Piece of cake: Another close call for charity

Where I started, below, and where I ended up, above.

I’m sick of coming in second, especially for charity.

As we blogged about three weeks ago, Team Dallas Voice was first runner-up in a wind-power competition pitting journo-against-journo for a $2,500 cash donation to our favorite charity. Instead, we won $250 for Ranch Hand Rescue. (We fell to Colleen Coyle of Channel 8.) I was the star player on my team, of course — i.e., the only one capable of building a $0.15 pinwheel without adult supervision.*

So when I was invited to go solo for another journalist-only benefit competition — this time, $1,000 being donated in my name by Kroger to the North Texas Food Bank and Tarrant Area Food Bank — I relished the opportunity. Plus I didn’t have to go outside as with the wind game … always a plus.

This time, my creativity skills were being put to the test when I faced off against five other journalists at cake decorating. We each had 30 minutes, with the assistance of a Kroger bakery staffer, to turn pasty into a work of art. With the help of La Tricia, I set about it.

Decorating a cake is pretty hard. La Tricia made sure all my pastry bags were filled with butter cream frosting of various colors, and she showed me techniques (apply constant pressure! But not too much!) and walked me through. Being a gay pub, we settled on a rainbow theme, made variously of fruits, jelly beans and frosting.

You can tell I did most of the work myself. I have the penmanship of a serial killer, as Clairee might say, but I also hard heart — and a strong pitch. “You get three points for your presentation,” said Francie Cooper, one of the judges. I thought about a bribe too, but there were cameras on me.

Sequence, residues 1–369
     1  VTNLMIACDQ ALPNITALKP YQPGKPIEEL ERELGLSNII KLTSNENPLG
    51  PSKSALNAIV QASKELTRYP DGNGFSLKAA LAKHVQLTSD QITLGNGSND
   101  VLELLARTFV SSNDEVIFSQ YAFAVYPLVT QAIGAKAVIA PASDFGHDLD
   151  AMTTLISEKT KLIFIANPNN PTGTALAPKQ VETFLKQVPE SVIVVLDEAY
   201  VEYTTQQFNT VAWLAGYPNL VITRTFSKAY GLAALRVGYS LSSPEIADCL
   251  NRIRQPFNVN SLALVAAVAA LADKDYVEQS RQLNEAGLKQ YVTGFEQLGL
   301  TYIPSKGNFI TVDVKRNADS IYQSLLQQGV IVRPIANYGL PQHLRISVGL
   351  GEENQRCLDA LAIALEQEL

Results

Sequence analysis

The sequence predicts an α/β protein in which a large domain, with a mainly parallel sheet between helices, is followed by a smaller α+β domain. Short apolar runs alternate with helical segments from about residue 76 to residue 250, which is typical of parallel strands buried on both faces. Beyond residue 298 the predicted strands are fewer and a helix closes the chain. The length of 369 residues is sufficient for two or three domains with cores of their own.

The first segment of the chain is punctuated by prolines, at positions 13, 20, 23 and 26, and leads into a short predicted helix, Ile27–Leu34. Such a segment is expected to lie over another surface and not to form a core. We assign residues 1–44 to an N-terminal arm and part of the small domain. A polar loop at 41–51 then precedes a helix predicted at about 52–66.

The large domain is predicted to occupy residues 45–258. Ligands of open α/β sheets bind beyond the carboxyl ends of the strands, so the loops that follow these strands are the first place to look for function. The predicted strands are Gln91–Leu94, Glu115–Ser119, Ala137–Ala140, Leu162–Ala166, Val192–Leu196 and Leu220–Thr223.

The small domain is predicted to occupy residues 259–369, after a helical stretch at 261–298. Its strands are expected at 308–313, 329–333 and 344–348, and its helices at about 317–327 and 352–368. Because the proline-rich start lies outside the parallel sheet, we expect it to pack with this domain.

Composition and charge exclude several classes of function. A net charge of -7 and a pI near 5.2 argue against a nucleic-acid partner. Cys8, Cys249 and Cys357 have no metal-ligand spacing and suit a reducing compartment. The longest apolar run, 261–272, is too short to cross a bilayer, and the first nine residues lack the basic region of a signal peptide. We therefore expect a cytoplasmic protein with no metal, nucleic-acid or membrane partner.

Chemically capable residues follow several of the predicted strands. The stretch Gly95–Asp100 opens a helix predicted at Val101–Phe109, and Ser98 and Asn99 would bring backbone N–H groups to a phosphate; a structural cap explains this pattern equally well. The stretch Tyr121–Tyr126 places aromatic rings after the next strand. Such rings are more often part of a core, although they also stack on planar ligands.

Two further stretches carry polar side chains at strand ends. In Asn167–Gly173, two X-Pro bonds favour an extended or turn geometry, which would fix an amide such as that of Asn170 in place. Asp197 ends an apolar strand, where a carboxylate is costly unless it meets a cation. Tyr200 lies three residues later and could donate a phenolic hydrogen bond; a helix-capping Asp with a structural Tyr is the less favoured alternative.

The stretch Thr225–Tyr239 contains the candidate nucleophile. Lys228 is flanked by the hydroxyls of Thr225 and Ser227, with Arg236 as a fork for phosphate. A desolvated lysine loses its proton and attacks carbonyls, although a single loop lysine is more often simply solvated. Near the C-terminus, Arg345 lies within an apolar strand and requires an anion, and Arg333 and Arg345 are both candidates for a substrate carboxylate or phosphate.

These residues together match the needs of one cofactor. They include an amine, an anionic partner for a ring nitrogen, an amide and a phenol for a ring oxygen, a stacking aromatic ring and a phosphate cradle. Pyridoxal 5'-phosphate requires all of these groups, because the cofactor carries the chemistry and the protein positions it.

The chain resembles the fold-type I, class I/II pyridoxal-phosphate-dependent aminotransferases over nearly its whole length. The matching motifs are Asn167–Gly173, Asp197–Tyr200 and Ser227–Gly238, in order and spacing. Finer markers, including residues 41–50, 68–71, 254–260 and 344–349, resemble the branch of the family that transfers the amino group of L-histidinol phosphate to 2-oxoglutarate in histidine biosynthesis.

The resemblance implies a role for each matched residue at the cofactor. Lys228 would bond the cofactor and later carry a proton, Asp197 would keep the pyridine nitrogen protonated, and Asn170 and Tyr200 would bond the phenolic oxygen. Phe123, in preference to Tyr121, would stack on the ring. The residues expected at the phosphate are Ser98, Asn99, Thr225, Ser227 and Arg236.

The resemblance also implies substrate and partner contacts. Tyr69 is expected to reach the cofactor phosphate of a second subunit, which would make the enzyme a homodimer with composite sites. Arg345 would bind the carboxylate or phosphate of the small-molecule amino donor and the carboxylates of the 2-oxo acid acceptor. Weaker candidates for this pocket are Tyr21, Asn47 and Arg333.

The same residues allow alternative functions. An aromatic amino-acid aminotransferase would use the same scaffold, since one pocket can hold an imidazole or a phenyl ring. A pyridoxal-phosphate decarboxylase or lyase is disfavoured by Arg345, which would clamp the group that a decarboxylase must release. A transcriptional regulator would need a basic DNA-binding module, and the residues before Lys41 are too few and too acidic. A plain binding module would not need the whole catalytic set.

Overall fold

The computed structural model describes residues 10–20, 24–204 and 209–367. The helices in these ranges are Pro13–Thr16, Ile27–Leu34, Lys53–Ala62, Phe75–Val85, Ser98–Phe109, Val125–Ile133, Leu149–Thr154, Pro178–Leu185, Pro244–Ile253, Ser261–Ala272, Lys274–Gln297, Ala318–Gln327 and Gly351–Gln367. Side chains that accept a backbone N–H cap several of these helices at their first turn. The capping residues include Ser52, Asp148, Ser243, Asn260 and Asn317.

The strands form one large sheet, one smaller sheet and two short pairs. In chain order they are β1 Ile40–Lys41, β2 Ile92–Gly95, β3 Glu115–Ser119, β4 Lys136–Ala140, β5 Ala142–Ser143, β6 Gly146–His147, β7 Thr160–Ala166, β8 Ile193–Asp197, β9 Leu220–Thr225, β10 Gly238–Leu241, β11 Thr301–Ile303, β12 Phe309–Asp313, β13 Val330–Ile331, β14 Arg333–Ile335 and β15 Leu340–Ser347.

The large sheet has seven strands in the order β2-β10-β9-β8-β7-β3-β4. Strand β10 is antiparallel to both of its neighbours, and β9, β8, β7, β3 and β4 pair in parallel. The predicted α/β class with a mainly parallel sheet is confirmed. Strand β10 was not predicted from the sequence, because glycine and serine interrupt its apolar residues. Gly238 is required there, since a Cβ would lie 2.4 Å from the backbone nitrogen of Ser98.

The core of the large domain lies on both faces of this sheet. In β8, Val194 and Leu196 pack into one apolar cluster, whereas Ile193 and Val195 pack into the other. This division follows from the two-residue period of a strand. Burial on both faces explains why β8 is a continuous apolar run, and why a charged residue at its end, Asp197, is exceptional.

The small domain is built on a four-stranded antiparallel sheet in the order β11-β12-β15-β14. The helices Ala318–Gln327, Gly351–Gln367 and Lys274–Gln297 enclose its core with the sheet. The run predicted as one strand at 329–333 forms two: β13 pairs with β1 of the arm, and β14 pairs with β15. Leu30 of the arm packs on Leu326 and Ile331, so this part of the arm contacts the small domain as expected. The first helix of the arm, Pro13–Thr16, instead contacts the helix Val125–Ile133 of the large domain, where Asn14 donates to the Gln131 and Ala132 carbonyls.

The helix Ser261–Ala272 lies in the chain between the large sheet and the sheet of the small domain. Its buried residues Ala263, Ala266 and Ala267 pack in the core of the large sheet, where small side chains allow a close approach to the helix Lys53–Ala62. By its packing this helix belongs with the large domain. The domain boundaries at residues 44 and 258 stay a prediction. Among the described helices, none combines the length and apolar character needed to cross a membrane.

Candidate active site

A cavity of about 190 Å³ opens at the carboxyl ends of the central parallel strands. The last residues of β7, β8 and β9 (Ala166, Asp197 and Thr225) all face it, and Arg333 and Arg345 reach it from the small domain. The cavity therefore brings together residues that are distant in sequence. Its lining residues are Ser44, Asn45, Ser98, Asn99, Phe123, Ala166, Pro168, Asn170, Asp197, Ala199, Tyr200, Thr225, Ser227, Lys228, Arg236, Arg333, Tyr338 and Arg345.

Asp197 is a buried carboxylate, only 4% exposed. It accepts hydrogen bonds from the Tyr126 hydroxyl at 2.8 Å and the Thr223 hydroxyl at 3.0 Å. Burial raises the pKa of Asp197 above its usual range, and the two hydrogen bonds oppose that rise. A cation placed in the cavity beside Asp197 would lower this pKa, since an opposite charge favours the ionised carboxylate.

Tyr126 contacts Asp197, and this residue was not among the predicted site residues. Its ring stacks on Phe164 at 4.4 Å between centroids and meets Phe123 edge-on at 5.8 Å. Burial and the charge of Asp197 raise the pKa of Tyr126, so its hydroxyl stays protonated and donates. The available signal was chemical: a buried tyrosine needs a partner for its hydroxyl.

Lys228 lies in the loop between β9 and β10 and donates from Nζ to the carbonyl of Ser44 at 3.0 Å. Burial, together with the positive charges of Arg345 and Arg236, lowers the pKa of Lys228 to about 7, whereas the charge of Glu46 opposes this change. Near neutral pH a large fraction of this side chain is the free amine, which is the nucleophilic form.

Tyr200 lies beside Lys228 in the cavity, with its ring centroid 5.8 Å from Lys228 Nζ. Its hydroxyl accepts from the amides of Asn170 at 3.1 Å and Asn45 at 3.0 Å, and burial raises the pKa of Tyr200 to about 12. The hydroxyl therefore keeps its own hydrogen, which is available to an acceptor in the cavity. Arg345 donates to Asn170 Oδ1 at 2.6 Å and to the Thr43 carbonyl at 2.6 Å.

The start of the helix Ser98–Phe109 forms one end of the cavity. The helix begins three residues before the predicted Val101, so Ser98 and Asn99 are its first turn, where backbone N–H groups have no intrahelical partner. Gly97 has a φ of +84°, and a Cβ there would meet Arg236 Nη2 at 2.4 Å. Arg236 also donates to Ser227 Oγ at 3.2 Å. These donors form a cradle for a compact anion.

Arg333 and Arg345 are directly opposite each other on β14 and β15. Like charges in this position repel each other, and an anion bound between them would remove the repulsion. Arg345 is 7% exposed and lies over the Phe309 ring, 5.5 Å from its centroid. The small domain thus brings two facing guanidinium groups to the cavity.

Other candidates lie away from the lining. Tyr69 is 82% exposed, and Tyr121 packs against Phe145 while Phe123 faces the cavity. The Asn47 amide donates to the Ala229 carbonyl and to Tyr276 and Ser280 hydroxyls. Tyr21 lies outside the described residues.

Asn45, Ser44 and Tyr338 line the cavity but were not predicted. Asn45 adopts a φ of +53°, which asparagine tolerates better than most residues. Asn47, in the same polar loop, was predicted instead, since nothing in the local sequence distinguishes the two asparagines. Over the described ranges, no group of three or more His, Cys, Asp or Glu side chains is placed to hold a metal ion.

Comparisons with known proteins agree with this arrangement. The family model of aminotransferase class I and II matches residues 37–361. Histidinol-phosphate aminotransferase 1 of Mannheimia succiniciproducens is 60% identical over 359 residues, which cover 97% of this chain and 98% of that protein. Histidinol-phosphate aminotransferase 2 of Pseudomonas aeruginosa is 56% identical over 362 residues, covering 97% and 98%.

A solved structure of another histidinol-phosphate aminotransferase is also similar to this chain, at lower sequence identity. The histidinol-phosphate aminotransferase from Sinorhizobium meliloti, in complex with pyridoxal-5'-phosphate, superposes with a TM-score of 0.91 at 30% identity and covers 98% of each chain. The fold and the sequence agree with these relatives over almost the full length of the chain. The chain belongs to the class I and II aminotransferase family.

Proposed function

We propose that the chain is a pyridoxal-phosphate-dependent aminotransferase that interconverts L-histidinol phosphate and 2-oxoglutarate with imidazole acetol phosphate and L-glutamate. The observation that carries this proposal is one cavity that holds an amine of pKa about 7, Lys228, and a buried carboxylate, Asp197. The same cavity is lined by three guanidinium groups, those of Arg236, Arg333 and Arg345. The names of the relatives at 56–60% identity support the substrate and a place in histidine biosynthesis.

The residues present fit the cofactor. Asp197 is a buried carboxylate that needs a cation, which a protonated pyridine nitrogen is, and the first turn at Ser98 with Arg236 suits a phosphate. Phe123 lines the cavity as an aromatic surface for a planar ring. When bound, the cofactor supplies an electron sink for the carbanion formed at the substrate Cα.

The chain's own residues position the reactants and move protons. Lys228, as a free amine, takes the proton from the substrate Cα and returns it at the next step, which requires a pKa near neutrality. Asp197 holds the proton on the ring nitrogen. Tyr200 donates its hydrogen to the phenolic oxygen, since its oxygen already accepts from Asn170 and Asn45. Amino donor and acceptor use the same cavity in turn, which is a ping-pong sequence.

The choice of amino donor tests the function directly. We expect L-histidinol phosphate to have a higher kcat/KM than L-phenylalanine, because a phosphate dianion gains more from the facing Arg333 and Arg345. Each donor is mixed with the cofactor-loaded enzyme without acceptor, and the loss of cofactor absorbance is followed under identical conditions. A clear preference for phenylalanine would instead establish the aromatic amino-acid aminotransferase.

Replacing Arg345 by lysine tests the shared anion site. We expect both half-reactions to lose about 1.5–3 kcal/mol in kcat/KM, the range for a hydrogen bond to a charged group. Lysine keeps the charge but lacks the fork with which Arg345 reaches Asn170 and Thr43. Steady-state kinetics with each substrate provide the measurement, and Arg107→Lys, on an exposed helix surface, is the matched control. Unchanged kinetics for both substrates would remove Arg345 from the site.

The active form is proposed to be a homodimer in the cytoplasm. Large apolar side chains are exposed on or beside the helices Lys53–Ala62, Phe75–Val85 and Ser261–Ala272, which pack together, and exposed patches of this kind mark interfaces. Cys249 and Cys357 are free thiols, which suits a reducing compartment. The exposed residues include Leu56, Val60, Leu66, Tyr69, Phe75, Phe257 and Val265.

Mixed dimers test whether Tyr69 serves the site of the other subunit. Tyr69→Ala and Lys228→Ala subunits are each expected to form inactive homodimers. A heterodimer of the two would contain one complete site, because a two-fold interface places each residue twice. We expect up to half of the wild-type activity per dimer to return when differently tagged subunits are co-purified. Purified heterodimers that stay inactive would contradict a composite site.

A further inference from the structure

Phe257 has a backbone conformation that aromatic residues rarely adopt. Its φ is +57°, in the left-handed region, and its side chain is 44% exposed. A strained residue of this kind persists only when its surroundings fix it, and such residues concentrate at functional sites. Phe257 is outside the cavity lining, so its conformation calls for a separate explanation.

In the end, I placed second after Jana from the Dallas Morning News — another Belo victory! I got no money donated in my name. Instead, I got to keep the cake. I’m feeding the working poor with it, i.e., my colleagues here at Dallas Voice. Ah, well, no reason why you can’t donate to the food banks — they need it. Summer is the hungriest time for kids. Why? Because school is out, so no access to hot lunches unless mom makes it. C’mon, give some money or drop off some cans. Kids should play in the summer, not worry about food.

*That’s pretty much all he did. — Teammates

—  Arnold Wayne Jones

AIDS funding pioneer Pallotta to speak Friday

No one disputes that Dan Pallotta was a pioneer in raising awareness about AIDS and HIV, organizing the California AIDSRide from 1992 to 2002, as well as North Texas’ AIDS ride from 1999 to 2001. It was around that time Pallotta started taking flak for not spending resources well; he was roundly criticized for spending $400,000 to raise $1 million, a ratio most contributors to charity found off-balance. But while Pallotta stopped fundraising for those organizations, he didn’t exactly take the criticism lying down. In 2010, he published Uncharitable, a book that argued there are two rules (those for charities, and those for businesses) and that non-profits should be more entrepreneurial in order to be more competitive … and, presumably, bring in more capital. In short, he says the question “What percentage of my contribution goes to charity?” is outmoded thinking. He’s speaking about this divisive issue at Dallas Social Venture Partners’ Social Innovation Luncheon Series, which will be held at the Tower Club inside Thanksgiving Tower on Friday, April 13. The lunch begins at 11:30 a.m. Tickets cost $50 and can be purchased at DSVP.org.